This route is designed for walkers but cyclists can try the Symonds Yat Rock Cycle Trail which runs for about 3 miles from the campsite. You can also pick up the Perigrine Path cycle route which runs through Symonds Yat. View Full Details>>
|The Kymin||2 miles (3 km)||Climb to the 245m (800ft) summit of Kymin Hill and enjoy wonderful views down the Wye Valley, up into the Brecon Beacons and across to the Malvern Hills. The National Trust owned site also has nice woodland trails and the Grade II listed Round House built in the late 18th century. There is also a Naval Temple built in 1800 to commemorate the second anniversary of the British naval victory at the Battle of the Nile in 1798. In the early 19th century Vice Admiral Horatio Nelson visited the Naval Temple and the Roundhouse on Kymin Hill, where he enjoyed the magnificent views. On a clear day you can see Abergavenny with Blorenge, Sugarloaf Mountain, Skirrid, Pen-y-fan and Corn Du.|
The Kymin Dash takes place on the hill every year. The course covers about 7 miles, circling the town and both ascending and descending the Kymin by forest tracks, field paths and minor roads.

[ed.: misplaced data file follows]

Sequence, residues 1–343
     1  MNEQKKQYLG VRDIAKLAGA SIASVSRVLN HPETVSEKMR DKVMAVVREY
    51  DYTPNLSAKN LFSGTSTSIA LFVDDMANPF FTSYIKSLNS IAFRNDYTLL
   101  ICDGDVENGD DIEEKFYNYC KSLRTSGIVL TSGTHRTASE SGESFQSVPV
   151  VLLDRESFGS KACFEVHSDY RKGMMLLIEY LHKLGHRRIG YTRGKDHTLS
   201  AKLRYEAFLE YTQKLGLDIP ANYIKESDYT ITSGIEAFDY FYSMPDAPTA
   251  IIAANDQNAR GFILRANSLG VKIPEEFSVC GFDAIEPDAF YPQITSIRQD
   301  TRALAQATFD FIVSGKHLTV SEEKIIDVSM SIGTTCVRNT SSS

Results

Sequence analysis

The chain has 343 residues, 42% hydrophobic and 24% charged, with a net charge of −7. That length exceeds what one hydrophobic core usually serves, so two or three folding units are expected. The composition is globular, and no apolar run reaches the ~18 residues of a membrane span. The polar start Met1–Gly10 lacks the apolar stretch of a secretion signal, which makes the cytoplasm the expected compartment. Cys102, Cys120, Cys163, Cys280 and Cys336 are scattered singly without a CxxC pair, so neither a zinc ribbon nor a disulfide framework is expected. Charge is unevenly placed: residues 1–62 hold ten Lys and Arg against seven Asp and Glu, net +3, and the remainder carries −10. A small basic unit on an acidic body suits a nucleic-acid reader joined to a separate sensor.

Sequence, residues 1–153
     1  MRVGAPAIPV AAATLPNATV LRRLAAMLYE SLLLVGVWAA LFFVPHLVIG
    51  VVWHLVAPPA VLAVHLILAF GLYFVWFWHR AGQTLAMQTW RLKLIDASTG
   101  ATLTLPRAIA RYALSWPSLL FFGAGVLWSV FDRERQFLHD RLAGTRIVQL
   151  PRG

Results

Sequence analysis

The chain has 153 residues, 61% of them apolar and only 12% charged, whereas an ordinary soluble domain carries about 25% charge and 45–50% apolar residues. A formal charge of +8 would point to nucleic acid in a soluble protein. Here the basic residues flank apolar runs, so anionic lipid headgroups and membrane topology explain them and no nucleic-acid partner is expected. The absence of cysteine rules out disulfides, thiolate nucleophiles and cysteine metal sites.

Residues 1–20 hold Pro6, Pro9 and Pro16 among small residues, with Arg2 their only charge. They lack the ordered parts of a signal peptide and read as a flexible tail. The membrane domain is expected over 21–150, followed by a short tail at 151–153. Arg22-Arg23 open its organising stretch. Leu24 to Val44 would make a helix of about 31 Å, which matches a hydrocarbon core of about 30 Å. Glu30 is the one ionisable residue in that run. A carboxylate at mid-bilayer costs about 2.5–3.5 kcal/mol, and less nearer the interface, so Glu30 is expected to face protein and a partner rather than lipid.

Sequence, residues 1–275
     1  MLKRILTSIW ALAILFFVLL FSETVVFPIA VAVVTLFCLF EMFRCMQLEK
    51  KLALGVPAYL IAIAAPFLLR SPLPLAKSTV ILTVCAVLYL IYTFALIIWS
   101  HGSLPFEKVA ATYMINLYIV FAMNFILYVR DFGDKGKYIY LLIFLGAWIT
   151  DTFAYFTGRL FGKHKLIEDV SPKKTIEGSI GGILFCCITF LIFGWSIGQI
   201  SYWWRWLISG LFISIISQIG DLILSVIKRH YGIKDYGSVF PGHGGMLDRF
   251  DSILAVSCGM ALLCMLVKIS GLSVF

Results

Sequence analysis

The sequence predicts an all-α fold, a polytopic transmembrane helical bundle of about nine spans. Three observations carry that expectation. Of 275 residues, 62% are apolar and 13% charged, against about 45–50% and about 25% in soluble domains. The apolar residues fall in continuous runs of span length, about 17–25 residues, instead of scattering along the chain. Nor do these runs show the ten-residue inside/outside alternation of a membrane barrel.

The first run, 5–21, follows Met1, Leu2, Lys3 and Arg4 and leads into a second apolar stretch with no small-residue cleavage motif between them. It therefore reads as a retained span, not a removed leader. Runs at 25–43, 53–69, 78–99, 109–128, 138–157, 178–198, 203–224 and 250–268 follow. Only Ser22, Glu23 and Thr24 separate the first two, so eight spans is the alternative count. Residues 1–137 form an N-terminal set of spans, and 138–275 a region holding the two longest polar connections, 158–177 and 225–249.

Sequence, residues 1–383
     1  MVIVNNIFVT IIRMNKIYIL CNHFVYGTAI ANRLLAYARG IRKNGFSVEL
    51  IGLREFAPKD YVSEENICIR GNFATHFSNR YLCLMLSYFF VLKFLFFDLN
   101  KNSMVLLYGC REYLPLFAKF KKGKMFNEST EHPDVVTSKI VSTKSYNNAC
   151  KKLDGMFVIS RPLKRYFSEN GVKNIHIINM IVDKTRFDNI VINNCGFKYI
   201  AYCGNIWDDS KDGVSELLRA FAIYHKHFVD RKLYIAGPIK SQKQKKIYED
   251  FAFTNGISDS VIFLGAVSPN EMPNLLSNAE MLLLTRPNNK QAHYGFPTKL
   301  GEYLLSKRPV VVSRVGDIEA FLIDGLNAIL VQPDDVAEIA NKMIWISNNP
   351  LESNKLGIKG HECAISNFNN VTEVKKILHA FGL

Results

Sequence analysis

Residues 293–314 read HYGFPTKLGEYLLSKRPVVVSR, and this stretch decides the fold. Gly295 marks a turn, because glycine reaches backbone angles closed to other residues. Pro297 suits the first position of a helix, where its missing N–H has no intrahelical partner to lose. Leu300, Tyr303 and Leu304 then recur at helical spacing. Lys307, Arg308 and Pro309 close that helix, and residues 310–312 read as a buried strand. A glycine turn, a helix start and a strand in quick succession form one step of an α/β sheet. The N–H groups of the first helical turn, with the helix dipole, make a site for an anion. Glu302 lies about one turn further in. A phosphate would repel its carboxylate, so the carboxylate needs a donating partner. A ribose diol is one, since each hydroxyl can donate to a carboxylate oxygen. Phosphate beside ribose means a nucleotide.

It's easy to extend your walk in this lovely area. You can pick up the Wye Valley Walk and head along the river to the mysterious King Arthur's Cave and Symonds Yat Rock where you can enjoy more great views and a number of waymarked walking trails.
You can virtually explore the Kymin by using the google street view link below! View Full Details>>
|Tintern Abbey||6 miles (9.5 km)||Visit the fascinating ruins of this 12th century monastery and then explore the surrounding area on this walk on the England-Wales border. This route makes use of the Wye Valley Walk and Offa's Dyke Path to visit local woodlands, countryside and viewpoints. It's a beautiful area with the atmospheric ruins and the river flanked by the attractive woodland of the Forest of Dean.|
The walk starts at the abbey car park and heads west along the river to the pretty village of Brockweir. Here you cross the river and head through Caswell Woods where you will find a variety of interesting flora and fauna. The path then climbs to the Devil's Pulpit where you can enjoy fabulous views back towards the abbey and over the Wye Valley. More woodland trails then take you back to the village and the car park.
It's a great area for wildlife spotting with heron, kingfisher, otter to look out for on the river. Also look out for Kestrels around the limestone rocks in Caswell Wood. View Full Details>>
|Tintern Old Station||2 miles (2.5 km)||This park is situated in the Wye Valley Area of Outstanding Natural Beauty (AONB) near Chepstow. It was voted the UK's favourite park in the 2011 People's Choice Green Flag Award public poll. The station was originally opened in 1876 and closed in 1959. It now serves as a popular tourist attraction with three old carriages used as a gift shop and museum with old railway memorabilia. There is a one mile circular walk around the park with a section along the River Wye. You could follow the river further along the Wye Valley Walk if you wanted to continue your walk. View Full Details>>|